How a Child Becomes a Reader: Birth through Preschool
When does a child learn to read? Many people might say, "in kindergarten or first grade." But researchers have told us something very important. Learning to read and write can start at home, long before children go to school. Children can start down the road to becoming readers from the day they are born.
Very early, children begin to learn about spoken language when they hear their family members talking, laughing, and singing, and when they respond to all of the sounds that fill their world. They begin to understand written language when they hear adults read stories to them and see adults reading newspapers, magazines, and books for themselves. These early experiences with spoken and written language set the stage for children to become successful readers and writers.
Mothers, fathers, grandparents, and caregivers, this booklet is for you. It gives ideas for playing, talking, and reading with your child that will help him* become a good reader and writer later in life. You don't need special training or expensive materials. For your baby or toddler, you can just include some simple, fun language games and activities into the things you already do together every day. For your preschooler, you can keep in touch with your child's teachers so that you know what he is learning in school and support that learning at home.
The building blocks of reading and writing
From several decades of research, we have learned a lot about how children learn to read and write. This research tells us that to become skilled and confident readers over time, young children need lots of opportunities to:
- build spoken language by talking and listening
- learn about print and books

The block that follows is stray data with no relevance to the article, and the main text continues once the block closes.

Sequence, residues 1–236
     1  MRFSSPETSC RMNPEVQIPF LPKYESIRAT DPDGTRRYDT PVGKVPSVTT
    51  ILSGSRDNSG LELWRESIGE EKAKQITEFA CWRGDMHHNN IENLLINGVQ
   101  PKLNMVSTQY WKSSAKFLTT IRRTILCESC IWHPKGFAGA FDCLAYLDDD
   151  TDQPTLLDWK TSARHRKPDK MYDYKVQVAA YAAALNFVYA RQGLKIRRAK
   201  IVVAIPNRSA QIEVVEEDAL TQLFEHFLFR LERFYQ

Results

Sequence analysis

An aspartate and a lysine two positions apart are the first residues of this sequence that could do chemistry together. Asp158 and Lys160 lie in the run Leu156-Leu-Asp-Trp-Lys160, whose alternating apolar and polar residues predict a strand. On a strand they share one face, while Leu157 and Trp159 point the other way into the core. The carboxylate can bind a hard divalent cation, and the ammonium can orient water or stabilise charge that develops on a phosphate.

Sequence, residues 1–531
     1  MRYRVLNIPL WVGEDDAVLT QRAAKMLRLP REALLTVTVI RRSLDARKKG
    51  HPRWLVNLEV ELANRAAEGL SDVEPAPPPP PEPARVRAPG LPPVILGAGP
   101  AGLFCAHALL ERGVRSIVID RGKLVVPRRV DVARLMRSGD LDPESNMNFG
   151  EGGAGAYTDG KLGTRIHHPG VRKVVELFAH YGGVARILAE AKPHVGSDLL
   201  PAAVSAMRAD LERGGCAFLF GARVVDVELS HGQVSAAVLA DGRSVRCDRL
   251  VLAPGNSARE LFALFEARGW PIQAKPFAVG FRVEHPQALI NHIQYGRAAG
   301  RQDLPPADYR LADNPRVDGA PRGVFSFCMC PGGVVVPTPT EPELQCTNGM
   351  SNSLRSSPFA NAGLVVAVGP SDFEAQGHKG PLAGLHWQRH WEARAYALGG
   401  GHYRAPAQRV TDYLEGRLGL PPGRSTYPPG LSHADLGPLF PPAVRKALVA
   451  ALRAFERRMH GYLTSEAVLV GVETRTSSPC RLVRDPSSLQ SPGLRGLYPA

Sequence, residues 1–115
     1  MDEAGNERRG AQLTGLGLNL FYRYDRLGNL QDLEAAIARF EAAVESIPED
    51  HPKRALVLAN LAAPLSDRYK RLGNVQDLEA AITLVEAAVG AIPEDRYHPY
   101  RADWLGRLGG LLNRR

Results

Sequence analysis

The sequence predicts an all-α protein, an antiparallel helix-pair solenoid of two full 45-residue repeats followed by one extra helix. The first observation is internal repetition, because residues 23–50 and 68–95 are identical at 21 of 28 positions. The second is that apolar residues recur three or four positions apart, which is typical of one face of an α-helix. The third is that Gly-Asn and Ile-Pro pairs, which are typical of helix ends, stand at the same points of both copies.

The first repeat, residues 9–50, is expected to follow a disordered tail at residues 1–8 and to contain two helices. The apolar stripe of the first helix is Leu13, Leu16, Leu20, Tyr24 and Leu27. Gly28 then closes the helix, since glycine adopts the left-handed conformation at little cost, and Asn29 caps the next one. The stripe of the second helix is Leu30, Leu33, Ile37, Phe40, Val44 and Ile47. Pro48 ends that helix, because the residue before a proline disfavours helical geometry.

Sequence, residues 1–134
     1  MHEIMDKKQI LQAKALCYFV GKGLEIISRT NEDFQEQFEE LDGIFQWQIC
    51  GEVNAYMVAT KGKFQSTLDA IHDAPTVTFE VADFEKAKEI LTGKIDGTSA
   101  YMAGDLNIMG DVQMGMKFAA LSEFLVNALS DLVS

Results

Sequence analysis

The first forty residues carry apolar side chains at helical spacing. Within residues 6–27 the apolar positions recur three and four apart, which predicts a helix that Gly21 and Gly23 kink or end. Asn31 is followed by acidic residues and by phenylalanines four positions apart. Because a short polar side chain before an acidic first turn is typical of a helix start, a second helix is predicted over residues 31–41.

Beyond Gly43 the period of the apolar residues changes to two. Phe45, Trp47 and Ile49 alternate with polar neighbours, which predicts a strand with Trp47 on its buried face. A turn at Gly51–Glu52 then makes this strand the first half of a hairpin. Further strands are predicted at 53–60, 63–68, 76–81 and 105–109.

- learn about the sounds of spoken language (this is called phonological awareness)
- learn about the letters of the alphabet
- listen to books read aloud
Talking and listening
Remember the old saying "children should be seen and not heard"? Research tells us that for children to become readers, they should listen and talk a lot.
By the time children are one year old, they already know a lot about spoken language--talking and listening. They recognize some speech sounds. They know which sounds make the words that are important to them. They begin to imitate those sounds. Children learn all of this by listening to family members talk. Even "baby talk," which exaggerates the sounds and rhythms of words, makes a contribution to children's ability to understand language. Children who do not hear a lot of talk and who are not encouraged to talk themselves often have problems learning to read.
The information in this booklet comes from many research studies that examined early literacy development. The reports and books listed at the back of this booklet offer more research-based information about how children learn to read and write.
Reprinted with the permission of the National Institute for Literacy.
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